Welcome to the New Year and a new decade! Writing this from the shores of Lake Superior near Duluth, MN—one of our favorite places to travel when we’re not #parkchasing around the US. Hiking a section of the Superior Hiking Trail and the North Country Scenic Trail this weekend (one of our travel goals every year) offered up some stunning views. Northern Minnesota has much to offer this time of year:
While we’ll get back to our ‘regularly scheduled programming’ later this week. We wanted to share with you some of the travel goals we set out for the new year.
(Gasp!) Yes. We are the kind of people that set goals.
And yes, we even set goals about travel.
If you’re not one to set goals around your travel, here’s a quick note about why we think it’s so important to spend a few minutes charting your course for the year. If you’re already planning travel goals, feel free to skip this PSA and jump down to read where we’re heading in 2020.
In this Article
- 1 Travel goals will help you take the time.
- 2 Travel goals will help you find the money.
- 3 Our 2020 Travel Goals
- 4 Hike more with family and friends.
- 5 Cross the 100 park unit mark.
- 6 Run a half and (fingers crossed!) a full marathon.
- 7 Plan a 2021 trip to Alaska.
- 8 Write about all 82 national park units we’ve visited so far.
- 9 What are your travel goals this year?
Travel goals will help you take the time.
For the rest of you, we know life is busy. Life can also be messy. And for lots of us, the day-to-day business of life can take over everything else if we don’t put some boundaries around it. Planning our travel goals at the beginning of the year (and blocking off the time in our calendars before filling in other commitments) helps us be more focused on making trips happen. Last year, according to the United States Travel Association, Americans lost out on more than 765 million days of vacation time. One of the top reasons American’s provide for not taking the time: they are too busy.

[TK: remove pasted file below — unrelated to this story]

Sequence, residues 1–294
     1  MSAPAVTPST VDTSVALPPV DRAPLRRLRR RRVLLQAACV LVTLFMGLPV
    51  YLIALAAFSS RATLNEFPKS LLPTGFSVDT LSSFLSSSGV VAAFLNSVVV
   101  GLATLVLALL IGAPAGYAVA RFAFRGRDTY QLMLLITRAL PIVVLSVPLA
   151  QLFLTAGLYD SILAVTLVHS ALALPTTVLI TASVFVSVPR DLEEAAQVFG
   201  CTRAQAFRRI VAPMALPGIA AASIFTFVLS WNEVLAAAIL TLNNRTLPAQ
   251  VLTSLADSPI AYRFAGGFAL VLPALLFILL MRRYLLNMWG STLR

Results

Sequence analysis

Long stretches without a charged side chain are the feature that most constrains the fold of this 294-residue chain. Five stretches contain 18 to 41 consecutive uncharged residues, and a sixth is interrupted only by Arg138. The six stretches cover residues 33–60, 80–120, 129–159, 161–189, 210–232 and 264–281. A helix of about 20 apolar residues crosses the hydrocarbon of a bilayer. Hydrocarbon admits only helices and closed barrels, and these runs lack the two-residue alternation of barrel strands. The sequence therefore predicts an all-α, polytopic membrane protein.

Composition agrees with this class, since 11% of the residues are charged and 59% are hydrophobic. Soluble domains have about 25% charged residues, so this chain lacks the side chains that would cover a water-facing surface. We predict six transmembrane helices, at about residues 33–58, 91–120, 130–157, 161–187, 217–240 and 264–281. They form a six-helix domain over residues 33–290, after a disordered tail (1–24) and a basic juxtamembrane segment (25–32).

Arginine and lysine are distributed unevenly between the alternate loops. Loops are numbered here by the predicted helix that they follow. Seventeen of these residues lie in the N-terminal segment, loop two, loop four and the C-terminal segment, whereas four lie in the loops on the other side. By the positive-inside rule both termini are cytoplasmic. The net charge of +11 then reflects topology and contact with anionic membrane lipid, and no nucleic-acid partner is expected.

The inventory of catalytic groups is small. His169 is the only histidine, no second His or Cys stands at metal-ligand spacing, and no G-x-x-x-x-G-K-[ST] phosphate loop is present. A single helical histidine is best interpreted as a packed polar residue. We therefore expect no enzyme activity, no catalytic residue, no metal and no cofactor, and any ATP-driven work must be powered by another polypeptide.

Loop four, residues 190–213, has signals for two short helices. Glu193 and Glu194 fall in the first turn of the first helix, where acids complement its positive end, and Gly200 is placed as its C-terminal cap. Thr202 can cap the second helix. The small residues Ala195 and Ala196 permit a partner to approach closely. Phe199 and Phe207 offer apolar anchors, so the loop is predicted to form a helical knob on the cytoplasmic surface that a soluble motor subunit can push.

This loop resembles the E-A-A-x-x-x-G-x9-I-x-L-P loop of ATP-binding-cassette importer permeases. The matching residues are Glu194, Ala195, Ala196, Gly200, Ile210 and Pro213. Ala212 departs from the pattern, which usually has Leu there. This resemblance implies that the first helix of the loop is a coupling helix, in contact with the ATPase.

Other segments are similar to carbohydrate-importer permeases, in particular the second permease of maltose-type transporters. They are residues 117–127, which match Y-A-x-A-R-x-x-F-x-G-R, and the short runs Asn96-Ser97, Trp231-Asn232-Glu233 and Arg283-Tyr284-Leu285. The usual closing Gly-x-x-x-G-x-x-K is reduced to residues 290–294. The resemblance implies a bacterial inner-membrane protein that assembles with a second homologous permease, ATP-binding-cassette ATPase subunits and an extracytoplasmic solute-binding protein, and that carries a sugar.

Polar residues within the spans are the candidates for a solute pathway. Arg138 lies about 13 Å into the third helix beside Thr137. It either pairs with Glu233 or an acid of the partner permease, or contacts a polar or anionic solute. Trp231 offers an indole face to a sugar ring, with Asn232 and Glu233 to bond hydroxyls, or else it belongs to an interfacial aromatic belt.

None of us can make more time. You’re going to have to take more time. The only way that’s going to happen is to have some travel goals and commit to making it a priority.
Travel goals will help you find the money.
Another one of the top reasons Americans didn’t take their vacation time last year? They couldn’t afford it.
While we don’t think vacations need to cost thousands of dollars (and most of our 10-day trips set us back less than $100 per day), vacations do cost money. By setting your goals and plans up ahead of time, you’ll be able to start planning ahead for the expenses as well.
We’ve mentioned this before, but one of the ways we’re able to spend so much time traveling is because we set aside money for travel out of every single paycheck. It’s not much, but it slowly adds up. And it’s a special fund that’s dedicated just for trips, meaning we can book trips in small portions rather than having to foot a giant bill at the end. The money is always there, so we don’t have to skimp on groceries or trim the car payment to make ends meet on months we travel either.
Trust us on this one. Vacation is a whole lot more enjoyable when you’ve already got the money set aside before you go.
That’s enough soapbox for now. If you’d like some more inspiration though on how to set travel goals and where to start, we recommend checking out our National Park Bucket List and the National Park Traveler’s Club. They are some of the first resources we used when we started #parkchasing in 2010.